1. Elon tries and fails to acquire Twitter

Tesla and SpaceX CEO Elon Musk made headlines this week by trying to:

  1. join Twitter's board of directors;
  2. acquire the whole social network.

Yes, you've read it right. The Tesla CEO tried to make history by purchasing Twitter just in a matter of days. Elon first purchased 73,486,938 shares of Twitter — valued at almost $2.9 billion — which represents a 9.2% passive stake in the company. Shortly after the news broke, Twitter CEO Parag Agrawal wrote in a tweet that the Tesla CEO would bring "great value" to the company as

"Elon is both a passionate believer and intense critic of the service."

But who would've knew that just a few days after that announcement Elon would make an offer to buy the whole company for a total sum of $43 billion? In his statement to Twitter's board, Elon said he's willing to buy 100% of Twitter for $54.20 per share in cash. That move didn't pay off though as Twitter's board almost immediately adopted a new emergency plan, which gives certain shareholders the right to purchase more stock.

2. Meta faces backlash over extremely high fees for Horizon Worlds

Meta wants not only your digital copy for its upcoming metaverse but also all of your money. Well, at least half of it. Vivek Sharma, Vice President of Horizon, announced that Facebook's parent company started testing new features that will allow artists to sell virtual items in Horizon Worlds.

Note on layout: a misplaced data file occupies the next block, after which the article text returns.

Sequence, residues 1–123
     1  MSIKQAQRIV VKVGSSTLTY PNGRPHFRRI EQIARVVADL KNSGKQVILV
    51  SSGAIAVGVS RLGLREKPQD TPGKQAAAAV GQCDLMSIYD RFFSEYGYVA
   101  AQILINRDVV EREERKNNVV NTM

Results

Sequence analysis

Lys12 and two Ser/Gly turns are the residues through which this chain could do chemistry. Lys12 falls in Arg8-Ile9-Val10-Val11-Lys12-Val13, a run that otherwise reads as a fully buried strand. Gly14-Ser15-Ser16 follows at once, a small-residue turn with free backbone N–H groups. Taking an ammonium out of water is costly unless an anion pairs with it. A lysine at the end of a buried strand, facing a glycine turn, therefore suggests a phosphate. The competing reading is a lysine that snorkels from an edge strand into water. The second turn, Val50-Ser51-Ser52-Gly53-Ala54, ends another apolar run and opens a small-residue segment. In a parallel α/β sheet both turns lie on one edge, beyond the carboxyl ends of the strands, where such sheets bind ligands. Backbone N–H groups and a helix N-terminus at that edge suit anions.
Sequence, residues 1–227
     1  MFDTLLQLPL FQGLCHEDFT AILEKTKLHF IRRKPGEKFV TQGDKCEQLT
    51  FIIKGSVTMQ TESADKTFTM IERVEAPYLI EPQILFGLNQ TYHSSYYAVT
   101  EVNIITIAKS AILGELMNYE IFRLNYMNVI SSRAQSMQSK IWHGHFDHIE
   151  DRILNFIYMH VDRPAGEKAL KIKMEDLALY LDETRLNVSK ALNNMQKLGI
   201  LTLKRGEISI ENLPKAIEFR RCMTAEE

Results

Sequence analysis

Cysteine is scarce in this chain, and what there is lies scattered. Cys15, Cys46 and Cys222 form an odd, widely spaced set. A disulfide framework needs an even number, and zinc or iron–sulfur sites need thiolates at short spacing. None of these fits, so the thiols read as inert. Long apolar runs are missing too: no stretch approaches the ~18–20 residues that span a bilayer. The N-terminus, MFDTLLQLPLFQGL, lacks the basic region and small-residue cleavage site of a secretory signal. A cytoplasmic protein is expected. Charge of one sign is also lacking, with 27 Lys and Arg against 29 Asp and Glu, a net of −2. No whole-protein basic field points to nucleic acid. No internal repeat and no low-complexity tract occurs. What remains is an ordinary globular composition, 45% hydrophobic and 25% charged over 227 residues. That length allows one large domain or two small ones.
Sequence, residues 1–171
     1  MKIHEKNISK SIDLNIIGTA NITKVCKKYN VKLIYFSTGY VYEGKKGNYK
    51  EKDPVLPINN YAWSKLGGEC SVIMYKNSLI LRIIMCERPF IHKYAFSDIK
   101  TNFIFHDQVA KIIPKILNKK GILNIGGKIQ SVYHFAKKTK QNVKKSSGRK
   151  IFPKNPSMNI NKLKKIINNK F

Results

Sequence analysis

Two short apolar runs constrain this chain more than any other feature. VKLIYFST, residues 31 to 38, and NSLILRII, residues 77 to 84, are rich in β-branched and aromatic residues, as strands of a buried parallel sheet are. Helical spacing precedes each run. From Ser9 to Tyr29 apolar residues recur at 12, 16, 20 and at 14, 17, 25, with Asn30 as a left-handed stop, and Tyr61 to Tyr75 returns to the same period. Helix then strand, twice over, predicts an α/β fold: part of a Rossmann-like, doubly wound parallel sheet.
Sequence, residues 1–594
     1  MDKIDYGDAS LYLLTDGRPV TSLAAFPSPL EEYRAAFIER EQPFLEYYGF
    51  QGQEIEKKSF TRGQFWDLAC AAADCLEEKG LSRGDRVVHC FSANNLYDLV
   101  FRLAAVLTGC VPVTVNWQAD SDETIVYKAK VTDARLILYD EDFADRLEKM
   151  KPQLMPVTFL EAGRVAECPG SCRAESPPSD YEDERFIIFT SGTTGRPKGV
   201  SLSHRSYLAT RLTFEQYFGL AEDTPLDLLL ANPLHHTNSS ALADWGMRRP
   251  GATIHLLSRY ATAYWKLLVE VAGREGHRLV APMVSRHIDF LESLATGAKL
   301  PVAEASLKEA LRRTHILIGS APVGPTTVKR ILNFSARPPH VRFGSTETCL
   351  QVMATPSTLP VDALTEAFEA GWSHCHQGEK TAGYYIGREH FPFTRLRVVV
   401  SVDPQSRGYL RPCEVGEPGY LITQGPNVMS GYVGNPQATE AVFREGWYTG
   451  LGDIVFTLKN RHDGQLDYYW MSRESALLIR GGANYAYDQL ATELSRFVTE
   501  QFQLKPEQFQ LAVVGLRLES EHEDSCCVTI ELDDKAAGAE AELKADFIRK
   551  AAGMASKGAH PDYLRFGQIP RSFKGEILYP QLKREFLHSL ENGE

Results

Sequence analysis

Seems pretty intriguing, right?

Source: knowyourmeme.com
Source: knowyourmeme.com

Meta is planning to take up to 47.5% on each transaction from virtual items in its metaverse-related hub. The company explained that the cut includes a hardware platform fee of 30% via its Meta Quest Store, as well as a 17.5% cut on Horizon Worlds.

But what Sharma described as a "pretty competitive" rate in the market is far from the truth given that even Apple charges as high as 30% from in-app purchases in the App Store. Fred Sainz, Senior Director, Corporate Communications at Apple, already laughed Meta's plan off, adding that the rate "lays bare Meta’s hypocrisy."

3. Wikipedia editors don't want your bitcoins

If you though that the hate-crypto-over-environment trend is over then think once again as WIkipedia's editors believe that nothing lasts forever except for bitcoin's dire implications for climate change.

This week editors summed up the voting results according to which, a majority (~71%) of the Wikimedia community members is against donations in [any] cryptocurrency. A debate started by a Wikipedia user who goes by GorillaWarfare lasted from January 10 to April 12 with a little under 400 participants.

As an argument against crypto donations, users referred to issues of environmental sustainability, and community issues with the "risk to the movement’s reputation for accepting cryptocurrencies."

But the real problem behind crypto donations may be anything but eco-trend since back in February 2020, Wikipedia co-founder Jimmy Wales speaking in a panel discussion at Coingeek 2020 pointed out that listing bitcoin as a donation method harmed the company's revenue.

And his statements seem to be true as a spokesperson for Wikipedia revealed that the Wikimedia Foundation received just a little above $130,000 worth of crypto in the last fiscal year, which is 0.08% of the company's annual revenue.

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